First, I'll assume you don't want this in production code - you want it either for debugging or for code you personally will be using. I use a compiler flag to indicate debugging; then if I'm troubleshooting a program, I can easily find the line that's causing the problem.

# Const IsDebug = True

Sub ProcA()
On Error Goto ErrorHandler
' Main code of proc

    On Error Resume Next
    ' Close objects and stuff here
    Exit Sub

    MsgBox Err.Number & ": " & Err.Description, , ThisWorkbook.Name & ": ProcA"
    #If IsDebug Then
        Stop            ' Used for troubleshooting - Then press F8 to step thru code 
        Resume          ' Resume will take you to the line that errored out
        Resume ExitHere ' Exit procedure during normal running
    #End If
End Sub

Note: the exception to Resume is if the error occurs in a sub-procedure without an error handling routine, then Resume will take you to the line in this proc that called the sub-procedure with the error. But you can still step into and through the sub-procedure, using F8 until it errors out again. If the sub-procedure's too long to make even that tedious, then your sub-procedure should probably have its own error handling routine.

There are multiple ways to do this. Sometimes for smaller programs where I know I'm gonna be stepping through it anyway when troubleshooting, I just put these lines right after the MsgBox statement:

    Resume ExitHere         ' Normally exits during production
    Resume                  ' Never will get here
Exit Sub

It will never get to the Resume statement, unless you're stepping through and set it as the next line to be executed, either by dragging the next statement pointer to that line, or by pressing CtrlF9 with the cursor on that line.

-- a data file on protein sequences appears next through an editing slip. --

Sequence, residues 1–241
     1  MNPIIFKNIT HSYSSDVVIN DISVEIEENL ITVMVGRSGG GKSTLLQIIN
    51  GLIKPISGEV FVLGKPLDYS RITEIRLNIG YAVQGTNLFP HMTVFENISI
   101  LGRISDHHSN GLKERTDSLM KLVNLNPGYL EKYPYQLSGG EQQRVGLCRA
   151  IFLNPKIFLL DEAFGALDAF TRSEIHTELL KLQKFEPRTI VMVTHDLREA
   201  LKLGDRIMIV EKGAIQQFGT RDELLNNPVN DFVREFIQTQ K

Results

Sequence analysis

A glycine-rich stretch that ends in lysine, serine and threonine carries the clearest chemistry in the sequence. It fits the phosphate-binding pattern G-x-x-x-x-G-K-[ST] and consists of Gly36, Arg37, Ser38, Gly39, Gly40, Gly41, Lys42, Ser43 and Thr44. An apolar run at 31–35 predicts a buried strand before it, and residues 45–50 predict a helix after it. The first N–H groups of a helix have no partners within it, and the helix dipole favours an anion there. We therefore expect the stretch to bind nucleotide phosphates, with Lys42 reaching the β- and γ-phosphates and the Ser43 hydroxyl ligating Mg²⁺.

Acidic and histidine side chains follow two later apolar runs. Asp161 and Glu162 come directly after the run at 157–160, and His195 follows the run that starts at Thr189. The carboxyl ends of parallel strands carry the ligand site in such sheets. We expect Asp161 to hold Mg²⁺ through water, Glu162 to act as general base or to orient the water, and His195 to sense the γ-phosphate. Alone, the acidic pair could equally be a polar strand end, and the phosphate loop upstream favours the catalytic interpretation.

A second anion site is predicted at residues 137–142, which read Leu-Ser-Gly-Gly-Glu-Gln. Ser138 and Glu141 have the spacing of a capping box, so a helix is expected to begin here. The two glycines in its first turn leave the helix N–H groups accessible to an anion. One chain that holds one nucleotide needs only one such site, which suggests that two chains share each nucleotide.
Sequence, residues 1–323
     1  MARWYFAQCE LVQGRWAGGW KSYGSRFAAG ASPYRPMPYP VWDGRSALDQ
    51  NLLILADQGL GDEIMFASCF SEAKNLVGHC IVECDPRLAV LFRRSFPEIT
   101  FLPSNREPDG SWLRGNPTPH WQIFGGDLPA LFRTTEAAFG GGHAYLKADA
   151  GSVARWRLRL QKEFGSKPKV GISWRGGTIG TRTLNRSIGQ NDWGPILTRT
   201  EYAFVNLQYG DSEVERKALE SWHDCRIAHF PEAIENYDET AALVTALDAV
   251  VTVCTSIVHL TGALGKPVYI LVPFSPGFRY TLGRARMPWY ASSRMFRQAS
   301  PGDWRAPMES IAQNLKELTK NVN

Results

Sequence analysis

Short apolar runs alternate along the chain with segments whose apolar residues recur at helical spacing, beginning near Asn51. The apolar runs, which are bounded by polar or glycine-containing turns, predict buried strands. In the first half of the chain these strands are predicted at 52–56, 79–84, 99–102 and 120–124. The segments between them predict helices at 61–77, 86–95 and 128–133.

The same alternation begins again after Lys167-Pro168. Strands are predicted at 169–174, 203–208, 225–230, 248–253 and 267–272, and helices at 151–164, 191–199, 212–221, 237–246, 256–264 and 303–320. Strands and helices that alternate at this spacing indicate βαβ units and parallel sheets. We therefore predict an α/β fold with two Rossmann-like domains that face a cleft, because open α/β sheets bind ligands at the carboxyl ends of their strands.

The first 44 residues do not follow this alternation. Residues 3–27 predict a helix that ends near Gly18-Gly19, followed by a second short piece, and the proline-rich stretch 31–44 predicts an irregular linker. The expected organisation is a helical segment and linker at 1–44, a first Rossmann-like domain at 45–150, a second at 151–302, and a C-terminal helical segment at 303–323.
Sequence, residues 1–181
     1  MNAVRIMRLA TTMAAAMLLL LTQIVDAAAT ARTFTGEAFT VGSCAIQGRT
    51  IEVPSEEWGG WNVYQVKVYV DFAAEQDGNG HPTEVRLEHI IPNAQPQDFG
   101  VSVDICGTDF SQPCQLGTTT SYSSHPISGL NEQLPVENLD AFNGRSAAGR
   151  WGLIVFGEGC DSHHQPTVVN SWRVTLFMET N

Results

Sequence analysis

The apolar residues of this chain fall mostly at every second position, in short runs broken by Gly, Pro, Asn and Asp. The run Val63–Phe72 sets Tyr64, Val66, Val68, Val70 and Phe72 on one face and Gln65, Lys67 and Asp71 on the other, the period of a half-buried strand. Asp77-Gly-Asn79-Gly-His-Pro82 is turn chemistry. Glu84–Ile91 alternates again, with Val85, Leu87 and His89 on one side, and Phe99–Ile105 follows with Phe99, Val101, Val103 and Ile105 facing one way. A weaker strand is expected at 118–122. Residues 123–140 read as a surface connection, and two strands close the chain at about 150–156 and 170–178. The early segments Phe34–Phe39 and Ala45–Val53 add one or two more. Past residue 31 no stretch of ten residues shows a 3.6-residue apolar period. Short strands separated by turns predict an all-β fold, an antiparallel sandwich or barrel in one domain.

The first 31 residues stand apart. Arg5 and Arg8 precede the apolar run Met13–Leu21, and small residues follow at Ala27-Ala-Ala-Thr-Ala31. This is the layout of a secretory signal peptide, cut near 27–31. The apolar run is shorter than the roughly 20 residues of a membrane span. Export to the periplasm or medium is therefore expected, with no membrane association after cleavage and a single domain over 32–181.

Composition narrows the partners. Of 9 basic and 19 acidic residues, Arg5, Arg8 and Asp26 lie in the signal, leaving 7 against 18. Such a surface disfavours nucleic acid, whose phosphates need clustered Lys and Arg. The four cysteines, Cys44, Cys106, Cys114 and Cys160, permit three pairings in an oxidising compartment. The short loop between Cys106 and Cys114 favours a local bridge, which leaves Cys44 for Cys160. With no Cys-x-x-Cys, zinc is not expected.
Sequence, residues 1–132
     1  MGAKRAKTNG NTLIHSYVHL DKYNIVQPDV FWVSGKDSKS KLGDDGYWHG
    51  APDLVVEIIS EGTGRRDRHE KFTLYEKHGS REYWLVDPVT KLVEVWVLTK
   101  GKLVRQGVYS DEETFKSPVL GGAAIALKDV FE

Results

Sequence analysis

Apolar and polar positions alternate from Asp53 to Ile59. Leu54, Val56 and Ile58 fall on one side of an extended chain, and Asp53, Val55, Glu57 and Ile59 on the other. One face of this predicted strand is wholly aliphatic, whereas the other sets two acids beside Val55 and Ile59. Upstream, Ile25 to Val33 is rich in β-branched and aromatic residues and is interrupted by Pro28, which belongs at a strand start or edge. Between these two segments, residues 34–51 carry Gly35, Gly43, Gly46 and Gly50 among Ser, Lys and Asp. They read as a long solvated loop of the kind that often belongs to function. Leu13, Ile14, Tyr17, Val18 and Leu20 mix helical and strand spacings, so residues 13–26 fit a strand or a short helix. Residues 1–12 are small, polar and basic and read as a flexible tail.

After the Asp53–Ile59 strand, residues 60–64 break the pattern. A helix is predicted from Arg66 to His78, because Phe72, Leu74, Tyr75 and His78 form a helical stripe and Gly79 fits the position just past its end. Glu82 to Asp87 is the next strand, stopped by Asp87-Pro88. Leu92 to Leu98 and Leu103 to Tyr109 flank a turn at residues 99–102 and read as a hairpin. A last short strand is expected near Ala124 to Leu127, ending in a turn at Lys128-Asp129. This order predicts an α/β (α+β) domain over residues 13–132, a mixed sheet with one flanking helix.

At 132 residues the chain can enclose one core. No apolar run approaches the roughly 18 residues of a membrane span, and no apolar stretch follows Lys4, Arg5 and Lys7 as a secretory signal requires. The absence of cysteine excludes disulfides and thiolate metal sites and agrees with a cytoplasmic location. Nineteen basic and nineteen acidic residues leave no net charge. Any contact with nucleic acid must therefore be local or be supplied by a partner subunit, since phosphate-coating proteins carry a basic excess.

Here's an article that expands on these concepts: Five tips for handling errors in VBA. Finally, if you're using VBA and haven't discovered Chip Pearson's awesome site yet, he has a page explaining Error Handling In VBA.

For Me I just wanted to see the error in my VBA application so in the function I created the below code..

Function Database_FileRpt
On Error GoTo CleanFail
' Create_DailyReport_Action and code



MsgBox "********************" _

& vbCrLf & "Err.Number: " & Err.Number _

& vbCrLf & "Err.Description: " & Err.Description _

& vbCrLf & "Err.Source: " & Err.Source _

& vbCrLf & "********************" _

& vbCrLf & "...Exiting VBA Function: Database_FileRpt" _

& vbCrLf & "...Excel VBA Program Reset." _

, , "VBA Error Exception Raised!"


 ' Note that the next line will reset the error object to 0, the variables 
above are used to remember the values
' so that the same error can be re-raised


' *************************************

Resume CleanExit


'cleanup code , if any, goes here. runs regardless of error state.

Exit Function  ' SUB  or Function    

End Function  ' end of Database_FileRpt

' ------------------